Averill then began to read pages and introduce characters. I found some I liked. I still felt the Christmas theme might be overworked, but I am interested in Kansas settings so I listened hard. I stumped Averill after his reading when I asked how the story of Carol Dickens might have been different in another geographical area…what made part of the story was totally regional? He said good question and then segued into a lot of Kansas writers are capturing the region and suggested I visited his web site listing them. (http://www.washburn.edu/reference/cks/mapping/index.html

Okay, I suckered right up and bought the book. I think it will be a pleasant read if nothing else, but I am not going to read it until closer to the holidays…an early present to myself.  I’ll let you know how the book reads then, but I bet I'm not disappointed since it is by Thomas Fox Averill. 

Thursday, September 11, 2014

Ernie Pyle Again

The men are walking. They are fifty feet apart, for dispersal. Their walk is slow, for they are dead weary as you can tell even when looking at them from behind. Every line and sag of their bodies speak their inhuman exhaustion.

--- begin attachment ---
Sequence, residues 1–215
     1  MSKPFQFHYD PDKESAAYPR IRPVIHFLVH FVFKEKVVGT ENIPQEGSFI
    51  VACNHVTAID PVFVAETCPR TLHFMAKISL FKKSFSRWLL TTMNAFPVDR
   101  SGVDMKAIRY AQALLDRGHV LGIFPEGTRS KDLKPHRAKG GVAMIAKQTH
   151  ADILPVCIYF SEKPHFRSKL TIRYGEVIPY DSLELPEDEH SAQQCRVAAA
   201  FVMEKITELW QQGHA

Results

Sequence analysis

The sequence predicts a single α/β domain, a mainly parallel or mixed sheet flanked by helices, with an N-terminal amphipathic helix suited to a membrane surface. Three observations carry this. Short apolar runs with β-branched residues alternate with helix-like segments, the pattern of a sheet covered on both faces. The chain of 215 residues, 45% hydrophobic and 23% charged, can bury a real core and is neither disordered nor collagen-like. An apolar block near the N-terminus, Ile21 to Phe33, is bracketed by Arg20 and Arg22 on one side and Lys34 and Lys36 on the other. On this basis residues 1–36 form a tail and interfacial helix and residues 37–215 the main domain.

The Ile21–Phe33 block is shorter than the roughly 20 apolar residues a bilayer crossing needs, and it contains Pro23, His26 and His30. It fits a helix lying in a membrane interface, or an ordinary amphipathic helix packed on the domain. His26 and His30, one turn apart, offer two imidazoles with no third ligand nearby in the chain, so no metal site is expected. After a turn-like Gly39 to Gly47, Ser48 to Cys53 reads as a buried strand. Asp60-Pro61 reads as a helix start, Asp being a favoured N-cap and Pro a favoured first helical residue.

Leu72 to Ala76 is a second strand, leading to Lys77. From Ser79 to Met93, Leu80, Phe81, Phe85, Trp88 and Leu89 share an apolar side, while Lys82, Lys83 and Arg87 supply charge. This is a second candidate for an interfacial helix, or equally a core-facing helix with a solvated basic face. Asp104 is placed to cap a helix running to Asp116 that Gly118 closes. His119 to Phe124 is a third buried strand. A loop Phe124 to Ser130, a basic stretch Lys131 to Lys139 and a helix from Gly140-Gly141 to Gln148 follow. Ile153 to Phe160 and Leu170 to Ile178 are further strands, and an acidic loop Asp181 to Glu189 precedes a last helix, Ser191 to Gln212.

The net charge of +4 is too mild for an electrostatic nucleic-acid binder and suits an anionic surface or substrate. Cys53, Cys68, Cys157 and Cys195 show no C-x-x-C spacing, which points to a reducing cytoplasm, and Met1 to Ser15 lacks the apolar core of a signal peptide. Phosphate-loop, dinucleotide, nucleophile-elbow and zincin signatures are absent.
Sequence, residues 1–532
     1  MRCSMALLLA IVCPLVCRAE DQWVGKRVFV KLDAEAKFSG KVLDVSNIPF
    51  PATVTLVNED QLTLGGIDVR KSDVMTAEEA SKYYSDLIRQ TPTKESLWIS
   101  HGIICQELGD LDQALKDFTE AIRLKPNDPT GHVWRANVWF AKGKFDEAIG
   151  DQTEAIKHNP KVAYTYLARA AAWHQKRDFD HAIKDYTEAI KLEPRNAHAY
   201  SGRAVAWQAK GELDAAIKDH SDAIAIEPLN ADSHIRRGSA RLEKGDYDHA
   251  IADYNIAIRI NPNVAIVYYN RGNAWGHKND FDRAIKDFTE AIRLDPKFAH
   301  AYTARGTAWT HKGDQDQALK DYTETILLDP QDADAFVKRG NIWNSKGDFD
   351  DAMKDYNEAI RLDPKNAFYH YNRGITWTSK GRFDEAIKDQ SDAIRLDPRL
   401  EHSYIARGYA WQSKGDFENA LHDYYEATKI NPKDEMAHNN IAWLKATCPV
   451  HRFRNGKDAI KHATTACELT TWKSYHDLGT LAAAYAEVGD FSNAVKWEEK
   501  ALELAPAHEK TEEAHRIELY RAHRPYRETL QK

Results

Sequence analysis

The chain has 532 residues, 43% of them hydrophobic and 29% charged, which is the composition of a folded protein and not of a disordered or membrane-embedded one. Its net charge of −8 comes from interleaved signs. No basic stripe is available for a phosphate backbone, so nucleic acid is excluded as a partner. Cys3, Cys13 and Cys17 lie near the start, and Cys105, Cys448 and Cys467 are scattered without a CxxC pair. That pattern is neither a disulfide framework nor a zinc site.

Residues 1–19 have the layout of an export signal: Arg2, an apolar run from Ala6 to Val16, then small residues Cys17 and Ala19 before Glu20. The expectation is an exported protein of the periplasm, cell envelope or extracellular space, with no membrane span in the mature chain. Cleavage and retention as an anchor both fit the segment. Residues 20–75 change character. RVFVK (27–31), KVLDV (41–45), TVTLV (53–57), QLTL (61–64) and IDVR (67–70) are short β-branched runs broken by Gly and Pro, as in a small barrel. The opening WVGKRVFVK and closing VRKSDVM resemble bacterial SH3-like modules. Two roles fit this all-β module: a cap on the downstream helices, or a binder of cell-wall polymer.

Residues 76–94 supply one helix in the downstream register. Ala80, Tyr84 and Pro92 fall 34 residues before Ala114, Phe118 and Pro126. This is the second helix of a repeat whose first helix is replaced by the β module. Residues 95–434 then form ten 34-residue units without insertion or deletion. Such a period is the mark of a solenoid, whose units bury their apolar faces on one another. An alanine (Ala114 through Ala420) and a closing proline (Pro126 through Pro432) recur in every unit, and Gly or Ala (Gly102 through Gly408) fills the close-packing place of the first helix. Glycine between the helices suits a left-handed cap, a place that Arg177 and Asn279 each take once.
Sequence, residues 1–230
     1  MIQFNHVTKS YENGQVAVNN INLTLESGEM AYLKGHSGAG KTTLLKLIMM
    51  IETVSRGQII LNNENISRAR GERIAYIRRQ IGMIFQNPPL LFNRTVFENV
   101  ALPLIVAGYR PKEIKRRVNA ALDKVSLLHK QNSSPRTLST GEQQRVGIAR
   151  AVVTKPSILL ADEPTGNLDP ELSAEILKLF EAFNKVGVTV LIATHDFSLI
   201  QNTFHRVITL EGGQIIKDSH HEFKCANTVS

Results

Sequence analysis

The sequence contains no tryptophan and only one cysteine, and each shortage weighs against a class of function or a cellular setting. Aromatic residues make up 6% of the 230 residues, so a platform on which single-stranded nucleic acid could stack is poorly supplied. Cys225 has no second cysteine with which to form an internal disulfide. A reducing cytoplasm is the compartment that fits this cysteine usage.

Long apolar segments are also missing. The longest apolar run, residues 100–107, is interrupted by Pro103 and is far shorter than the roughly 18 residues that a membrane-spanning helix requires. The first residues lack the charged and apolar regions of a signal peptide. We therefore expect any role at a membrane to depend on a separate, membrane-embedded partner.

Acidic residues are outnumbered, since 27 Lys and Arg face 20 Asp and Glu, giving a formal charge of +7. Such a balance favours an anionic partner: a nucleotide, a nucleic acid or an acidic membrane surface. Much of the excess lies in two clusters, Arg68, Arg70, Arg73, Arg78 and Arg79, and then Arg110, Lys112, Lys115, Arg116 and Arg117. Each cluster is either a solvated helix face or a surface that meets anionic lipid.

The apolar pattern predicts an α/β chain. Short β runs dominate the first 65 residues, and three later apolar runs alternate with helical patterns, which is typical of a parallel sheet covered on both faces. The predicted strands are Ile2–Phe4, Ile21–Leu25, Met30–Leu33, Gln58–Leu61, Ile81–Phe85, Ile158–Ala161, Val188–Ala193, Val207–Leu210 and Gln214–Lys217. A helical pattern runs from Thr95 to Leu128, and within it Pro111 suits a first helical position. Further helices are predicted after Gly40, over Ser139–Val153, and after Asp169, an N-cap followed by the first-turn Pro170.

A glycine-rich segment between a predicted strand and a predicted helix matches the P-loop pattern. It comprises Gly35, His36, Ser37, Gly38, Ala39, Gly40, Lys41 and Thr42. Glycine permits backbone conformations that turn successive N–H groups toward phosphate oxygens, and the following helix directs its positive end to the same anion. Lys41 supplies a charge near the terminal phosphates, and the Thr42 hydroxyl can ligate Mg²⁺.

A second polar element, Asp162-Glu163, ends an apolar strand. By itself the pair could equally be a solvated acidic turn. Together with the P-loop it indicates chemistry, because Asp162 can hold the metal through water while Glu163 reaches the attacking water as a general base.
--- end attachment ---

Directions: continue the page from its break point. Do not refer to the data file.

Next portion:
On their shoulders and back they carry heavy steel tripods, machine-gun barrels, leaden boxes of ammunition. Their feet seem to sink into the ground from the overload they are bearing.

They don’t slouch. It is the terrible deliberation of each step that spells out their appalling tiredness. Their faces are black and unshaven. They are young men, but the grime and whiskers and exhaustion make them look middle-aged.   May 1, 1943

I knew the power and precision of Ernie Pyle’s writing, but I wanted to know the man himself. So I picked up a copy of Ernie Pyle’s War: America’s Eyewitness of World War II by James. Tobin. The author takes  readers back to the beginning in Dana, Indiana and shows how an only child grew up in a farming family. Pyle was an undersized but bright student who could not wait to make his way out into the world away from the Midwest.